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Blog Feature

By: Tamara Sellman on August 21st, 2018

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This Week in Sleep Medicine: August 21, 2018

Sleep Technologist Advice

While You Were Sleeping: What Sleep Technologists Need to Know This Week

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Your media watchdog for headlines and trends
relevant to sleep technology and patient education.



Elon Musk says grueling 120-hour work weeks are taking a toll on his health — here's what sleeping less than 7 hours a night can do to you
August 17, 2018 

From the article: “The Tesla CEO told The New York Times that he's been logging 120-hour work weeks lately, and it's taking a toll on his well-being.  …'It's not been great, actually,' Musk told the Times. 'I've had friends come by who are really concerned.'

Takeaway: Certainly we have patients who are overworked or workaholic. This story might help them to better understand why choosing to skip sleep is a recipe for disaster.


'Nap pods': futuristic sleep capsules welcome Hajj pilgrims (video broadcast)
August 19, 2018 

From the article: “Hajj pilgrimage starts on Sunday where Saudi Arabia is expected to host over two million Muslims. To cope with the massive influx of visitors, authorities have introduced this year so-called 'nap pods.' FRANCE 24 reports.

Takeaway: An interesting mashup of old traditions and new approaches. Glad to see sleep is viewed as essential to practicing one's faith. The image of the pilgrimage is stunning.


Restless sleep disorder in children: a pilot study on a tentative new diagnostic category
August 1, 2018

From the abstract: “A group of children with 'restless sleep' who do not fit the criteria for any other sleep disorder but with daytime impairment are studied to identify restless sleep disorder (RSD) clinically and polysomnographically and to differentiate it from other sleep disorders of childhood.

Takeaway: Get ready for a potential new sleep disorder designation for the pediatric population.


Americans Are Getting More ZZZZs
August 16, 2018

From the article: “The findings reveal that daily sleep duration increased by 1.4 minutes on weekdays and 0.8 minutes on weekends per year. At first glance, this may not seem like substantial progress. However, over the 14-year period it translates to 17.3 minutes more sleep each night, or 4.4 full days more sleep each year. It shows that sleep duration has increased among broad segments of the United States population (students 15 and older, people who are employed, and retirees) over this period. The increase in sleep duration was mostly explained by respondents turning in earlier at night, and to a lesser degree by getting up later in the morning.”

Takeaway: Progress is progress, however slow. It's worth considering that significant change that lasts usually doesn't happen overnight (pun intended). 


Circadiance Granted US and International Patents for SleepWeaver Soft Cloth CPAP Masks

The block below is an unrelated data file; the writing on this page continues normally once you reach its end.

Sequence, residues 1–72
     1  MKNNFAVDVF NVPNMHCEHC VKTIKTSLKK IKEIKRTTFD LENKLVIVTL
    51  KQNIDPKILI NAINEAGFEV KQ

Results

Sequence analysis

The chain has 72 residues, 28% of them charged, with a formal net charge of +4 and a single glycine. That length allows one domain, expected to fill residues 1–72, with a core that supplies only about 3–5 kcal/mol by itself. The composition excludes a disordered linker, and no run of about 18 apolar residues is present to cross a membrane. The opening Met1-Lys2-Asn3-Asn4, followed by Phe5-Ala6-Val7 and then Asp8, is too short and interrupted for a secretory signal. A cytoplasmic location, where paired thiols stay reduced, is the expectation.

August 15, 2018

From the article: “With the addition of these two patents, Circadiance holds 9 US and international patents around its cloth masks technology.

Takeaway: Opinions vary on the effectiveness of these soft-body CPAP masks among sleep techs. What do you think?


Benzodiazepines vs. Narcotics (Opioids)
August 16, 2018

From the website: “Benzodiazepines are central nervous system depressants that cause drowsiness and are used to treat insomnia, seizures, anxiety disorders, nervousness, panic disorders, muscle spasms, alcohol withdrawal, status epilepticus, premenstrual syndrome, and as sedation during surgery. Narcotic (opioid) analgesics are used to treat moderate to severe pain. Both benzodiazepines and narcotics (opioids) are common drugs of abuse.” 

Takeaway: It can be hard to keep track of medications and their side effects as they relate to sleep. This recently updated and physician-reviewed post does a good job of explaining the differences and similarities between these two drug classes as well as lists side effects and other pertinent information.


Untreated Sleep Apnea: An Analysis of Administrative Data to Identify Risk Factors for Early Nonadherence
August 15, 2018

From the article:  “Patient education and support focused on those most at risk and delivered by those most capable will likely result in a reduction in untreated OSA through more confirmed diagnoses of OSA and improved adherence with both treatment initiation and persistence.” 

Takeaway: Further substantiation of the value of the patient education aspect of work we do in the lab.


New Jersey trucking company settles charges it fired employee for sleep apnea
August 15, 2018

From the report: “A New Jersey trucking company, P. Judge & Sons, Inc., accused of firing an employee diagnosed with sleep apnea despite having medical clearance to continue his job duties, has been ordered to pay a $30,000 settlement.

Takeaway: Stories like this are becoming more and more frequent. Big business needs to start paying better attention to the health and welfare of its employees and not use their successfully treated medical conditions as a reason to let them go, or pay a price.

BIO:  Tamara Sellman RPSGT, CCSH curates the sleep health information clearinghouse, SleepyHeadCENTRAL, where she follows sleep health news headlines daily. She is also an independent sleep health journalist, writes MS-related columns for two medical publishers, and contributes as a freelance writer to AAST’s magazine, A2Zzz. She can be reached at sleepyheadcentral@gmail.com.